The rise of the YA Suspense/Thriller by Alexis Bass

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[Note from Frolic: We’re so excited to welcome author Alexis Bass to the site today. She’s sharing her love for YA suspense. Take it away, Alexis!]

These days it’s not hard to walk into a bookstore and see a plethora of suspense and thriller novels in the Young Adult section. (Though these days ‘walk into a bookstore’ means ‘browse online.’) There’s no short supply of suspenseful mysteries and dark thrillers, and readers keep coming back for more. What is it about this genre that garners such ferocious fans and loyal readers? I polled some friends to look into this further. And, as a thriller fan myself, I discovered other insights from some of my favorite books and authors. 

The answer that was the most popular? Compulsive readability. Readers crave that instant hook. And since many suspense and thriller novels are built around a plot mystery that presents itself right on those opening pages, they have a reputation for providing an immediate pull. The hook of the story doesn’t have to be earned. The reader gets to know the characters based on this driving question, and this isn’t to say that character development takes a backseat, but that the plot only gets stronger as the story goes on. 

Another popular answer was the wild plot twists. (Of course!) This genre doesn’t shy away from pushing the envelope and taking stories in shocking and unexpected directions. The guessing game of ‘what happens next’ is part of the thrill. Readers love that feeling of being thrown off guard when they think they know what is about to happen and—surprise!—they’re wrong.

My friends also pointed out that these kinds of books are an exhilarating way to explore things that terrify them. Pieces of the real world that are too dark or dangerous to explore in reality, but are safe to be immersed in within the pages of a book, where one can entertain those fears in an electrifying way.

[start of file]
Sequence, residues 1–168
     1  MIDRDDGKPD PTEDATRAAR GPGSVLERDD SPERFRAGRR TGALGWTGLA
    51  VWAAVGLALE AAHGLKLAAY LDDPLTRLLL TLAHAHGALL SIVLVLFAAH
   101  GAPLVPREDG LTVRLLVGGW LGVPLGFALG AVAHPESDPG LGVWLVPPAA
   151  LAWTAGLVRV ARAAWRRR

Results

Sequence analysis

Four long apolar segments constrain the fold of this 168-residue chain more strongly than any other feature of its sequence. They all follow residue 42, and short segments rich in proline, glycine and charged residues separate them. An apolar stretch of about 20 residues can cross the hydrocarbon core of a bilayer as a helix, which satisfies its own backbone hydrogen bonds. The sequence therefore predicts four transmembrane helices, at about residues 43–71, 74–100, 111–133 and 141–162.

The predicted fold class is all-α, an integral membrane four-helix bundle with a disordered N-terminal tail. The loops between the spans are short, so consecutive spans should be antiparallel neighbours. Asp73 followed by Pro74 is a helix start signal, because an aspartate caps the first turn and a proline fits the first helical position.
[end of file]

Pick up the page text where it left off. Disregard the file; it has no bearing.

In Kara Thomas’s books (Little Monsters, The Cheerleaders, etc.), you get the thrill of some familiar pulled-from-the-headlines plotlines, but completely flipped on their heads, with shocking twists. Her books provide that instant hook and have conclusions you don’t see coming, but are inevitable once you’ve completed the story.  

Stephanie Kuehn’s novels (The Smaller Evil, When I am Through With You, etc.) take the question ‘who can you trust’ to the next level. She delivers unreliable narrators and high-stakes plots with and chilling conclusions that let you submerge into the darkest parts of the story. 

In Sadie, by Courtney Summers, the reader is put in heart-stopping and uncomfortably tense scenarios. You root for the heroine as she does things most of us would not be brave enough to do in real life and makes shocking discoveries along the way. 

Something else I discussed with my friends when we were talking about the appeal of the suspense and thriller genre and why there is a rise in these books available for young adults, is the way these books make for a quick escape. A different world, someone else’s problems told with precise tension and cliffhangers in nearly chapter, in a place often darker than even our darkest reality—this is what we liked as teenagers, what we looked for in a story. We mused that no, we didn’t see this changing anytime soon.

Alexis Bass Headshot
About the Author:

Alexis Bass grew up in Washington, went to college in Arizona, and spent her early twenties in Seattle. She currently lives in northern California with her husband and a gorgeous and rambunctious golden retriever, Dylan McKay. She loves good fashion and good TV as much as a good book, and is a huge advocate of long beach vacations. For more information about her books visit www.alexisbassbooks.com or follow her on twitter @alexisbasswrite.

An Education in Ruin by Alexis Bass, out now!

The Mahoney brothers are the golden boys of Rutherford Institute.

Collins Pruitt is going to ruin them.

Theo Mahoney is well-connected and popular. He’s charming and beloved. But he’s hiding something.

Jasper Mahoney is lauded for his intellect and athleticism. He’s studious and focused. But he isn’t as impenetrable as he seems.

Collins will earn their trust―and then she’ll destroy them. But the closer she gets, the more she questions the reason she was sent to Rutherford in the first place…and if it’s possible to ruin the Mahoneys without also destroying herself.

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